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September 16, 2005

I don't drink enough.

It's an odd sort of a statement, but it's a good lead-in for bringing up tonight's topic.

I'm a wine geek. And I'm hoping to work within the industry. As such, some of my drinking these days falls into the "critical" variety. In my last post, I showed you a passel of sites that can help build your academic knowledge of wine- through them you can become acquainted with regions, varietals, wine making styles, etc. But there's no substitute for experiencing wine directly with your own senses. Hence, my seemingly lush proclamation above. Sometimes, I'll even spit, though I'm sure my writing becomes more entertaining when I don't...

There's plenty of places online where you can get a walk-through of how to critically evaluate wine. And if you're interested in a beginner's reference book to have and to hold, I'll recommend Andrea Immer's Great Wine Made Simple, the second edition of which is coming out in a couple weeks. Her classification system makes a lot of sense to me as a foundation to build on- she focuses on a handful of common and popular varietals, expands to geography and winemaking styles, and throughout reinforces the academic knowledge with solid suggestions of exemplary wines to taste.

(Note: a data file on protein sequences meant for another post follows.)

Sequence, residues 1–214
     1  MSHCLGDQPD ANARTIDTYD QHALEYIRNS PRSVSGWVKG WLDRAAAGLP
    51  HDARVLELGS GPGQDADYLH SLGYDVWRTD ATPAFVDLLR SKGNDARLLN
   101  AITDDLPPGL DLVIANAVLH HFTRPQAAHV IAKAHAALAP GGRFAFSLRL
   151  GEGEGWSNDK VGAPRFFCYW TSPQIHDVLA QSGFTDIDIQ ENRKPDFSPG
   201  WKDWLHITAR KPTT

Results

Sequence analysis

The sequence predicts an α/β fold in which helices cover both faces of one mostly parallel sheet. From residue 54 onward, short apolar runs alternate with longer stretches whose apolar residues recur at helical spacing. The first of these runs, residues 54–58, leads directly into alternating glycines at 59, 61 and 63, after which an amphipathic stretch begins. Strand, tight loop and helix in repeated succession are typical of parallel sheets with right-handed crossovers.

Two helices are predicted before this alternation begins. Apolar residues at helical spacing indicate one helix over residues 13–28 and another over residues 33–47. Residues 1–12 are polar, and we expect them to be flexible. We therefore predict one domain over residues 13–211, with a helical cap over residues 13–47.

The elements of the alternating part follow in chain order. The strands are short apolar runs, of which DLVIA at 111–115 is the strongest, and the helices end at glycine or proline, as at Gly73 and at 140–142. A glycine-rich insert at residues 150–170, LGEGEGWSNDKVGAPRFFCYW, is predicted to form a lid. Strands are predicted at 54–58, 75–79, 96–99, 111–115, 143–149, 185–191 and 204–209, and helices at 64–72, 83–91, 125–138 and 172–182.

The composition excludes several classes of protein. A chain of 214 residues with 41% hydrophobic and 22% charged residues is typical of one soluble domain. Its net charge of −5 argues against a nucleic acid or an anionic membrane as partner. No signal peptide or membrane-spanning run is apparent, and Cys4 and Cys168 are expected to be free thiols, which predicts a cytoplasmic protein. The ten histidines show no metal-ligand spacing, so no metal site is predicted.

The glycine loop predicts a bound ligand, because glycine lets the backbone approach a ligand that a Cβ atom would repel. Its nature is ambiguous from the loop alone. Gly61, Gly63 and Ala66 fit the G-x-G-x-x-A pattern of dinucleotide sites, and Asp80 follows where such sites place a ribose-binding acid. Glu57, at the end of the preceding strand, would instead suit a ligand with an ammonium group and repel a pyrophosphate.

Stormhoek presents a great opportunity for the budding wine geek. Granted, for now, it's something that might not be available in your neck of the woods. Nick and the rest of the team are working to bring it to the US, and if you're in a spot to take advantage of Hugh's giveaways, do so. This is a unique phenomenon. All too often, the only time you'll get to compare your tasting experiences with another person is when you see a shelf-talker (the little piece of paper in the store with a quote) from some famous golden palate. Stormhoek's different. I'm not aware of any other particular wine that has had so many different people talking about their experience publicly.

Wine is a great excuse to slow down. Most folks drink wine with a meal, with friends and family, in social settings, etc. So next time you raise a glass, why not seek to put a little more knowledge around what's inside?

Posted by at September 16, 2005 5:04 AM

Comments

For something just a touch different, try Trio from Concha Y Toro in Chile, available in Tesco (not that I work for Tesco, just that's where it's at). Really chewy, yummy, and if you're a wine buff, a little unusual!

Posted by: Mike Cunningham at September 17, 2005 5:03 PM

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